No organisational form, no ownership regime, is a cure all. It is impossible to design a system that will solve all problems. Karl Marx once wrote that we make our own history but not in conditions of our own choosing. Some of the conditions that may not be of our own choosing include the personalities of our colleagues and co-workers. As therapists will tell you, people’s personalities can be changed slowly – but it takes time. People need to want to change and they are rarely open to therapeutic suggestions from their colleagues.
Freshwater fish in a saltwater environment
Other conditions constraining organisations in the social and ecological economy are those kind of institutional mismatches that Jaroslav Vanek refers to. It does not help that co-operatives, social enterprises and not for profit organisations exist in a market, institutional and cultural environment that is not set up for them. It is clear, for example, that the current difficulties of Fagor of Mondragon are related to the Eurozone financial crisis and the catastrophic economic conditions in Spain. (Written early 2014). These, in turn, were largely the result of real estate speculation pumped up by the Spanish banks, which are hardly the fault of Fagor, though it is now a victim of the fall out.
There is a deeper lesson here. Co-operatives and social economy organisations can be pulled down in the collapse of the general economy. Indeed, the closer they are aligned with and integrated into the economic mainstream, the more likely this is to happen. Workers’ ownership and control will not prevent this happening on its own.
This brings me to the example of the John Lewis Partnership. This is the largest worker owned company and third largest private business in the UK with over 70,000 partners. It is sometimes held up as wonderful example to show how successful a trusteeship model for a business can be. For example, by Lewis and Conaty in their book The Resilience Imperative (Conaty & Lewis, 2012, pp. 280-283) or by Marjorie Kelly in her book Owning our Future (Kelly, 2012, pp. 177-184). As with the Mondragon Corporation, the gains of the John Lewis Partnership are shared between the worker partners.
The Partnership has mechanisms to hold management accountable, to debate and suggest policies in a transparent and accountable system, while power is shared in a federated system of councils which Lewis and Conaty describe as “reminiscent of the guilds”. Like Mondragon, the Partnership has secured its growth through self-financing thereby avoiding the instability and speculation of the capital markets.
Yet for all of these successes, there is a tremendous paradox with the John Lewis Partnership. In an era of consumer capitalism where the economic system is banging up against the Limits to Growth and millions of people are groaning under unsustainable debts, the John Lewis Partnership runs a chain of stores that are veritable temples to consumerism. There is no doubt about it – the partners do sell these consumer goods very successfully, but are these purposes a contribution to sustainability and the future of humanity? According to Marjorie Kelly, the JLP are stepping up their environmental commitments. Under pressure from Greenpeace, the JLP recently backed down from a tie up between its associate company, Waitrose, and Shell. Despite this, the JLP focus on growth means that its carbon emissions are still growing in absolute terms.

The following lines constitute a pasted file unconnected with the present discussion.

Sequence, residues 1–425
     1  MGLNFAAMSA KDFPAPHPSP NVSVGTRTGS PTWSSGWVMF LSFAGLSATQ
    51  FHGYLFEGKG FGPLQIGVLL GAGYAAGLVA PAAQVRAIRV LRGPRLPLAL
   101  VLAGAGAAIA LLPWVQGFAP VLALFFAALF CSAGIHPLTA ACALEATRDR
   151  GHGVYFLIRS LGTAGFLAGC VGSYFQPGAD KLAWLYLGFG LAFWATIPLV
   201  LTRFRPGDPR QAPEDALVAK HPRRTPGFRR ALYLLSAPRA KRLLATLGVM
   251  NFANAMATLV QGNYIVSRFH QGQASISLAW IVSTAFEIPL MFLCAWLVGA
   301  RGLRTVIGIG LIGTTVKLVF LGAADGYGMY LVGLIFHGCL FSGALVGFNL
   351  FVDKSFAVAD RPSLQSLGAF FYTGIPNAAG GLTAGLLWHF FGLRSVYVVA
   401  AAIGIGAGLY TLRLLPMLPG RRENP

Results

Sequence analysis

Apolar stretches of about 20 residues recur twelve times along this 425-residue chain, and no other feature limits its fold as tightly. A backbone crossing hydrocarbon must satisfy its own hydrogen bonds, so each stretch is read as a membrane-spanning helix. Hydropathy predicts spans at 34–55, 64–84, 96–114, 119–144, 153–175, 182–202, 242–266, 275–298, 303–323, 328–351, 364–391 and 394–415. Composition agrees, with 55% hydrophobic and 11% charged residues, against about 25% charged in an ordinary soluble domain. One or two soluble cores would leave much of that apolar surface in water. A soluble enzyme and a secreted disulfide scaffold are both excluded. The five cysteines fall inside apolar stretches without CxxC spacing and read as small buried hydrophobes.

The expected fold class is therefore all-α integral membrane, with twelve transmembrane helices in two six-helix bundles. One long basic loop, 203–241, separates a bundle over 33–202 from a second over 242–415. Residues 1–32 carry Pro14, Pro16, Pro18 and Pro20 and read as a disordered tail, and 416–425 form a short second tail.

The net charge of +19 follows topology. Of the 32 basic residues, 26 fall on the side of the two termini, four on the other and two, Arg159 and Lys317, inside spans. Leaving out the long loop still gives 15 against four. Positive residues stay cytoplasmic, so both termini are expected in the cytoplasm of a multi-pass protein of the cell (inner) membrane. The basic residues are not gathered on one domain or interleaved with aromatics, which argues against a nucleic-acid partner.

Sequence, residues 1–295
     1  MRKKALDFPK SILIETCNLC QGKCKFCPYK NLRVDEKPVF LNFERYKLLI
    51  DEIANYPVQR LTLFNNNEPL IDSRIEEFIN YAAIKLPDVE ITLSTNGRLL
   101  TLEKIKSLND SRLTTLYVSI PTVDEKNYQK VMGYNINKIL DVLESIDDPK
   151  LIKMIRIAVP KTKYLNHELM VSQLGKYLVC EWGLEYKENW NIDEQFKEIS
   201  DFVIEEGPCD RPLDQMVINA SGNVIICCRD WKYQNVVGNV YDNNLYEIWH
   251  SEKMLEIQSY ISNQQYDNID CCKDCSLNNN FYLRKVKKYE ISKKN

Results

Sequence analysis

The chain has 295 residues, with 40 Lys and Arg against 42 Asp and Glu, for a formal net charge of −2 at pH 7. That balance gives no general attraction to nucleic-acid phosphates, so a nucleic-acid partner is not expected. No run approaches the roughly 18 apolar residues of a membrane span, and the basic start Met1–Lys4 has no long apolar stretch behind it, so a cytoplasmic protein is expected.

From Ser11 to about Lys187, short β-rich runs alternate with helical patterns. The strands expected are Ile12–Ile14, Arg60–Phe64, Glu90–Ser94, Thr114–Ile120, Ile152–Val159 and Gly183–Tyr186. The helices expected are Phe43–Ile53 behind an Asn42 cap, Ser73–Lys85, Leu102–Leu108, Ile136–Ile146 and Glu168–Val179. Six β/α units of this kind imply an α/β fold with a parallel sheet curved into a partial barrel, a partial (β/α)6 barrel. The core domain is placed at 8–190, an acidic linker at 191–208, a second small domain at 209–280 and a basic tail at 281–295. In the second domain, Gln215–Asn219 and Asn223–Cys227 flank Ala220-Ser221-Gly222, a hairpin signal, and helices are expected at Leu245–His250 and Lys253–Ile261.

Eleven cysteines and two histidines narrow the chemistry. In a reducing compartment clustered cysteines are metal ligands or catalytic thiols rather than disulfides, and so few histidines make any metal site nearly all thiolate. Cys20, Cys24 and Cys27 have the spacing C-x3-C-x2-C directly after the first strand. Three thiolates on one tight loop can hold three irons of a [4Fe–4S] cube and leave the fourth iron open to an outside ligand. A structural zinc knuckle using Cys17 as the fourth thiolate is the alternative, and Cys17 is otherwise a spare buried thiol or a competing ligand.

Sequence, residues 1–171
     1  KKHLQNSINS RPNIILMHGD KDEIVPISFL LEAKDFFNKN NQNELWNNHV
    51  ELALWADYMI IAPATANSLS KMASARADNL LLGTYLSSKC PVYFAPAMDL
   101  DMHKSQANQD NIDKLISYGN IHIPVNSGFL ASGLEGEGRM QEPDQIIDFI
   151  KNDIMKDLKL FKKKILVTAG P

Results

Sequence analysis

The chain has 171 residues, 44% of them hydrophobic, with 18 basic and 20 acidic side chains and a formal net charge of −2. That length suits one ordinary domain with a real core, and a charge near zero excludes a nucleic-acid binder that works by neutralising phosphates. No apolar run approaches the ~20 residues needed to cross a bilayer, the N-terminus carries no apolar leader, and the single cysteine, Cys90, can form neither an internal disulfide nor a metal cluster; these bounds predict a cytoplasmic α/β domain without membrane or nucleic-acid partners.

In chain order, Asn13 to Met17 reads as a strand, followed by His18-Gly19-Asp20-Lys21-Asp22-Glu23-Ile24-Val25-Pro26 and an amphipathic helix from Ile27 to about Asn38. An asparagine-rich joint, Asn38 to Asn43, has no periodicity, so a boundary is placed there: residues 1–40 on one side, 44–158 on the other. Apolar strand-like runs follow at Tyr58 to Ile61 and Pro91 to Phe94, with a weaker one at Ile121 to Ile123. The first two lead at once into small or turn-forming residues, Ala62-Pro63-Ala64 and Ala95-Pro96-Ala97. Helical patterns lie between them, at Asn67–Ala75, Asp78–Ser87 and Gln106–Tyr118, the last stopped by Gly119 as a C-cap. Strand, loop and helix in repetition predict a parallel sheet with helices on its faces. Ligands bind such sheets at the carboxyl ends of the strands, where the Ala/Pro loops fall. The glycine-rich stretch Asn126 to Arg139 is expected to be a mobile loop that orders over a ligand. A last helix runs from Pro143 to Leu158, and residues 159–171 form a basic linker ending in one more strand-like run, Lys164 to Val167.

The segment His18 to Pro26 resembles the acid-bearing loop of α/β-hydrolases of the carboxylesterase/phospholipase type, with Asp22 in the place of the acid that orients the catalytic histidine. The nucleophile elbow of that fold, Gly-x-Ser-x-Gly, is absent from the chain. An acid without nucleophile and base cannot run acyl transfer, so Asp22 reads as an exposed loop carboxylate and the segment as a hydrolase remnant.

In her book, Kelly describes asking someone from the JLP the very pertinent question: “How can a department store chain shift into a low-consumption, no growth economy?” and says of the person that she asked “He doesn’t have an answer. Maybe none of us do.” (Kelly, 2012, p. 184)
Indeed! The purpose of department stores simply does not match a future of energy descent and degrowth, whether they are owned by their staff or not.
Perhaps a better model for the future is provided in Italy, where there has been a 20 year explosive growth of co-operatives providing social services in ways that integrate the participation of disadvantaged groups. In 2013, these Italian co-operatives employed 360,000 paid workers including 40,000 people from disadvantaged groups, with over 31,000 volunteers. They now provide for almost 5 million people and have a turnover of 9 billion euros. These co-operatives also illustrate again the importance that has developed at Mondragon – a level of supportive “enterprise ecology” where there is co-operation among co-operatives – networks and an infrastructure shared between organisations with common values and purposes. (Conaty & Lewis, 2012, pp. 251-257)
The specific client focus of the Italian co-ops is relevant too. In an era of stagnation and even collapse in the so called “developed countries”, when a bulge of elderly people are reaching retirement and will have plenty of needs in their last years, in an era when many others are being thrown into unemployment, poverty and ill health, what the Italian co-operatives are doing will need to be a major direction for the social economy.
The central point is this – companies that focus solely on return on capital alone cannot do a number of jobs, despite all the “invisible hand” clap-trap. The ethos of extrinsic motivations gives rise to types of enterprise culture that are antithetical to authentic care for people and places. Co-ops and social enterprises can be formed to work for intrinsic motivations, rather than for monetary rewards – but that does not mean, of course, that they can neglect attention to covering their costs. They are not necessarily profit focused if they are trying to make a surplus in what they do so as to ensure their long run financial stability.
Further, much more radical models exist which turn away from consumerism. Throughout Germany, one can find centres set up with equipped workshops which people can use to develop skills to make things by DIY. There are also “repair centres” and networks so that people can give away or exchange used products, not to mention community gardens to grow your own food – all a little bit different from John Lewis and its associate organisation, upmarket supermarket Waitrose. (HEi, 2014) (Verbund Offener Werkstaetten (Association of Open Workshops), 2013).